The first topic I wanted to talk about is an example of bigfoots (bigfeet mayhaps?)  and cars not being a good mix.   The article can be found at .  The basic gist of the story is that a guy was running around dressed as a bigfoot as was hit by a car, was killed.  This does actually bring up the debate about killing any cryptids.  Texas basically said that because they don't exist, it is legal to shoot a bigfoot.  Kinda mind numbing logic on the surface, but if you think about it, it does make sense.  Hunting regulations are designed to manage the populations of game animals and native wildlife.  Texas said that because there is no definitive proof that bogfoots actually exist, there are no regulations or limits on them.  Thats fine.  Unfortunately, this statement has 2 immediate effects.  The first is that it seems to send the message that there are bigfoots running around Texas.  I will admit that I have seen some really tall guys down there, but unless some bigfoot group is using a lot of Nair or electrolysis treatments, I don't think they count.  The second problem is that some people prefer to shoot first and to hell with the questions.  On one episode of Monster Hunters on the chupacabra, a boy in Texas stated "I didn't know what it was, so I shot it."  I am worried that this may lead to people being shot because they thought it would be funny to scare people by running around in the woods dressed in a gilly suit or a bigfoot costume.  I don't feel that cryptids should recieve protective status like Nessie and several others have in recent years, but I do feel that Texas handled the question badly.  They could have simply said that there is no proof that they exist, and odds are if you see one, it's probably a person in a suit, so use common sense and don't just shoot at it.  I'll admit I was intrigued by the story at first, but as I thought about it more, I realized that aside from a perfectly good practical joke going horribly wrong,  it was a waste of a human life.

If you listen to a lot of skeptic or believer podcasts, Monster Hunters, Monster Quest, or anything of that ilk, you've probably heard the terms cryptid, crypto, and cryptozoologist.  I have met a lot of people that hear the terms and don't really know what they mean.  Cryptid basically means a hidden animal, and therefore a cryptozoologist is a person that studies a hidden animal.  Some people use the term crypto instead of cryptid, or they use it as a plural form.  I will be the first to admit that I am fascinated by the stories around these "animals", but I don't think that it is likely they exist.  Loch Ness for example is not a very likely site for a breeding population of plesiasaurs.  First of all, it's too small to contain an animal of that size for a long period of time, let alone a breeding population.  Secondly, it is too recently formed by about 30 million years.  For the chupacabra, you can actually trace the story back to the first report in Puerto Rico in 1995.  In the scant 17 years, it has undergone a major change from an alien like creature (for those of you old enough, think Species) to a hairless canine.  Ben Radford from the Monster Talk podcast spent 5 years researching this case and has determined, as well as wildlife biologists, that it is normally a canine with mange that most people report as a chupacabra.  And now for the big man on campus, Bigfoot.  As populated as the country is, as many people that fly, walk, drive, ride horses, or otherwise travel the country, you think that we would have found definite, undeniable proof that these creatures exist.  I personally find it highly unlikely that a large enough population needed to continue a species would remain undiscovered.  I will admit that it would be really cool if they did, but I doubt it.  There is a slight chance that they do, but the odds are better for navigating an asteroid field with Imperial TIE fighters right behind you.  I have spent a lot of my life tracking animals in the woods and rural areas around here, and we do have stories of bigfoot in Oklahoma,.  I have seen cougars, wolves, bobcats, coyotes, deer, elk, bears, and even a monkey one time.  I have been to sites that bigfoot has been spotted, looked at the "tracks", spoor, and claw marks.  I have yet to find any proof that to me would say Bigfoot was here!  The tracks a lot of the time are where a rock has been turned over by a cow or a deer, or even a fisherman or even a natural depresson in the ground, the spoor a lot of times comes from coyotes or feral dogs, and the claw marks end up being deer rubs or bears clawing at the trees.  And something about the show bigfoot hunters that really gets me, other than the head of a non-profit with the last name of "Moneymaker" is how in the hell do they "know" the habits, behaviors, and even sexual preferences of bigfoot(feets?)  Someone clear this up for me.  It has been bugging the hell out of me for a long time)  There is no empirical evidence, no studies on living animals, not even a really bad documentary on animal planet.  How can they say that bigfoot are omnivores, herbivores, or carnivores?  How can they say that they build shelters, hunt, cross roads, or eat jerky?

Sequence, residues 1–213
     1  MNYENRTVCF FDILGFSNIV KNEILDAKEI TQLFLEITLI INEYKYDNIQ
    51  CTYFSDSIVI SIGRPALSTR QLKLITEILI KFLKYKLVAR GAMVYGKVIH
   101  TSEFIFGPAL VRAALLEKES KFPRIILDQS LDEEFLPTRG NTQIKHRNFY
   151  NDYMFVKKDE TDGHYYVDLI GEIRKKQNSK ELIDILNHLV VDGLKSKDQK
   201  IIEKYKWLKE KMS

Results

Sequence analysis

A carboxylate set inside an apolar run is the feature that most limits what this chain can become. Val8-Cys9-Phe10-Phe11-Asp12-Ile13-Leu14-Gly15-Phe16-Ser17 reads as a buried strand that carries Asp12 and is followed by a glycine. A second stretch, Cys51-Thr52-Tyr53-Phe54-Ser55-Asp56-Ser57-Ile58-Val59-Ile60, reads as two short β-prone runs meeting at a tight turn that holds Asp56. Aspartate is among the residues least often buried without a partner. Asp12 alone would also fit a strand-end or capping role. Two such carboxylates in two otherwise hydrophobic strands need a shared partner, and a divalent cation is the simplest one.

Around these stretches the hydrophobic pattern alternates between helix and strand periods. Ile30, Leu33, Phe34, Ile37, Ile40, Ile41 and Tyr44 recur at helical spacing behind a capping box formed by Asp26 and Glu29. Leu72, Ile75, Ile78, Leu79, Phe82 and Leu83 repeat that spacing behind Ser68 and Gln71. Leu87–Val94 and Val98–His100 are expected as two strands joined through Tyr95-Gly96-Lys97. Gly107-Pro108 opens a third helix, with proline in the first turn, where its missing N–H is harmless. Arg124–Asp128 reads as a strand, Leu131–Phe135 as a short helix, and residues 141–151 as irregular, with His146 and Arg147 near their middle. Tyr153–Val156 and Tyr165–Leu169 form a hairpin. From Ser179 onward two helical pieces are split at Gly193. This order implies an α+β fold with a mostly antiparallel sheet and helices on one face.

The other story I wanted to talk about briefly is about "mutant" mosquitos.  The article is titled
"Mutant mosquito' plan slammed" .  Basically, it is an attempt to control mosquito populations in Florida by releasing a genetically modified male mosquito that is designed to die early.  People are upset because they are claiming, and rightfully so, that they don't want to be a lab rat in a companies experiment.  The mosquitos had already been through clinical trials, and were found to be safe for release.  As of this writing, I have not found any more info on the plan, so if anyone out there in internetland has any, I would appreciate knowing what came of this.  I know this article is a bit old, and it has been sitting in my to write about list, but this is the first chance I've had to write on it, let alone the bit of research I was able to do. 

Like I said, thanks to anyone that kept checking the blog, and I hope the long wait didn't cause too many of you out there to lose hope.  Like I said, hopefully, I hope to get back on a more regular schedule on these.  Until next time, be good, be safe, a keep an open mind.

The Skeptical Okie